Hausdorff spaces are named after Felix Hausdorff, who helped originate general topology. In fact, Hausdorff's original definition of topological space required all topological spaces to be Hausdorff (a requirement that is not made today).

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2 Examples and nonexamples 3 Properties 4 Variations 5 Joke |

Suppose that *X* is a topological space.

*X* is a *Hausdorff space*, or *T _{2} space*, or

*X* is a *preregular space*, or *R _{1} space*, iff, given any topologically distinguishable points

Limitss of sequences, netss, and filterss (when they exist) are unique in Hausdorff spaces. In fact, a topological space is Hausdorff if and only if every net (or filter) has at most one limit. Similarly, a space is preregular iff all of the limits of a given net (or filter) are topologically indistinguishable.

A topological space *X* is Hausdorff if and only if the diagonal {(*x*,*x*) : *x* in *X*} is a closed set in *X* × *X*, the Cartesian product of *X* with itself.

A topological space is Hausdorff if and only if it is both preregular and T_{0}.
Conversely, a topological space is preregular if and only if its Kolmogorov quotient is Hausdorff.

Almost all spaces encountered in analysis are Hausdorff; most importantly, the real numbers are a Hausdorff space. More generally, all metric spaces are Hausdorff. In fact, many spaces of use in analysis, such as topological groups and topological manifolds, have the Hausdorff condition explicitly stated in their definitions. Pseudometric spaces typically are not Hausdorff, but they are preregular, and their use in analysis is usually only in the construction of Hausdorff gauge spaces. Indeed, when analysts run across a non-Hausdorff space, it is still probably at least preregular, and then they simply replace it with its Kolmogorov quotient, which is Hausdorff.

In contrast, non-preregular spaces are encountered much more frequently in abstract algebra and algebraic geometry, in particular as the Zariski topology on an algebraic variety or the spectrum of a ring. They also arise in the model theory of intuitionistic logic: every complete Heyting algebra is the algebra of open sets of some topological space, but this space need not be preregular, much less Hausdorff.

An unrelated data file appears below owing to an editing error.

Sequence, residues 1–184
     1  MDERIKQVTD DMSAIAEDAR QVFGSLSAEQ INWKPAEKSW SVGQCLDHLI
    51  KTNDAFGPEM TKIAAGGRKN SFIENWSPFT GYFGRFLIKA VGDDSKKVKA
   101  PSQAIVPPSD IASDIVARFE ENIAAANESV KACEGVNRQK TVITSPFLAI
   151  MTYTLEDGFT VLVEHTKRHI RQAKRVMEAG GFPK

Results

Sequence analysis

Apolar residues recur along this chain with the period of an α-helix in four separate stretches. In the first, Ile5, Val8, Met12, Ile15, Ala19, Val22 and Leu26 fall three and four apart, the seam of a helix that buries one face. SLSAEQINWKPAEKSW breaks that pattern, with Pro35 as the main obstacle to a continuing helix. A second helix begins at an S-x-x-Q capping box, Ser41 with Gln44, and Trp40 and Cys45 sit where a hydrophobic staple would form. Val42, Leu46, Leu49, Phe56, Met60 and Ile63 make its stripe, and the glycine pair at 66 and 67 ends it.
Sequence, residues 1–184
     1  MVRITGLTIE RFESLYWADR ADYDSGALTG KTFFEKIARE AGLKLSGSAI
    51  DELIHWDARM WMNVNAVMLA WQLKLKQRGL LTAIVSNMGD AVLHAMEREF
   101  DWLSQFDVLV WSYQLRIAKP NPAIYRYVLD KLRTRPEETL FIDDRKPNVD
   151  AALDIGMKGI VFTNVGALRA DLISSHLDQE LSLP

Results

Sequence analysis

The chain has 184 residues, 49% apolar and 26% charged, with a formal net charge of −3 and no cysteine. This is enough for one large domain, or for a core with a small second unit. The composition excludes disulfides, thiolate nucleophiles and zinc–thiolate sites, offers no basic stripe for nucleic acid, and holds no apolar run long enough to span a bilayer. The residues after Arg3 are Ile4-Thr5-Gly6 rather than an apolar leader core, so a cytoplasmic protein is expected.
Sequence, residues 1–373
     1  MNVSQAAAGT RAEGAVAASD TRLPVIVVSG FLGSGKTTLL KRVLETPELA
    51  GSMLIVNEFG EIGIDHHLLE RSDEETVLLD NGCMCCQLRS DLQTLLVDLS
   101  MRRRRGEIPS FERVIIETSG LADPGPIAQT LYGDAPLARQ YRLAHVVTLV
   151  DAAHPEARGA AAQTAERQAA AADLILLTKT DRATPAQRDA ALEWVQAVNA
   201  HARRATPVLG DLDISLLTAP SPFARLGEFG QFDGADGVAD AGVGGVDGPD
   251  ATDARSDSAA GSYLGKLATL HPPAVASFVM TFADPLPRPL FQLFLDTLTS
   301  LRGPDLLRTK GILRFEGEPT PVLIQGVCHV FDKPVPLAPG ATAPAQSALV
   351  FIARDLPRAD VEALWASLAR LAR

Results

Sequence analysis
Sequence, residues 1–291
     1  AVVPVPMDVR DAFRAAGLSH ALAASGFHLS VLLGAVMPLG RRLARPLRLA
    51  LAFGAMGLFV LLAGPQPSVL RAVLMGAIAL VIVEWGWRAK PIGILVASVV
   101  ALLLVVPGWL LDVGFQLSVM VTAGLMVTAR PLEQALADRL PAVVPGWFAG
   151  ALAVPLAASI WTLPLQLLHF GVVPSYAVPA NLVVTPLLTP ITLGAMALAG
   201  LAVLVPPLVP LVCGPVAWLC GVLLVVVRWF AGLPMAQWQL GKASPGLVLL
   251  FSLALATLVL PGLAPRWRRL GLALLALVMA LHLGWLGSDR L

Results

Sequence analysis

Hausdorff spaces are T_{1}, meaning that all singletonss are closed.
Similarly, preregular spaces are R_{0}.

Subspacess and products of Hausdorff spaces are Hausdorff, but quotient spaces of Hausdorff spaces need not be Hausdorff.
In fact, a quotient space of a Hausdorff space *X* is itself Hausdorff if and only if the kernel of the quotient map is closed as a subset of the Cartesian product *X* × *X*.

Compact preregular spaces are normal, meaning that they satisfy Urysohn's lemma and the Tietze extension theorem and have partitions of unity subordinate to locally finite open covers.

There are many situations where another condition of topological spaces (such as paracompactness or local compactness) will imply regularity if preregularity is satisfied. Such conditions often come in two versions: a regular version and a Hausdorff version. Although Hausdorff spaces aren't generally regular, a Hausdorff space that is also (say) locally compact will be regular, because any Hausdorff space is preregular. Thus from a certain point of view, it is really preregularity, rather than regularity, that matters in these situations. However, definitions are usually still phrased in terms of regularity, since this condition is more well known than preregularity.

See History of the separation axioms for more on this issue.

As it turns out, uniform spaces, and more generally Cauchy spaces, are always preregular, so the Hausdorff condition in these cases reduces to the T_{0} condition.
These are also the spaces in which completeness makes sense, and Hausdorffness is a natural companion to completeness in these cases.
Specifically, a space is complete iff every Cauchy net has at *least* one limit, while a space is Hausdorff iff every Cauchy net has at *most* one limit (since only Cauchy nets can have limits in the first place).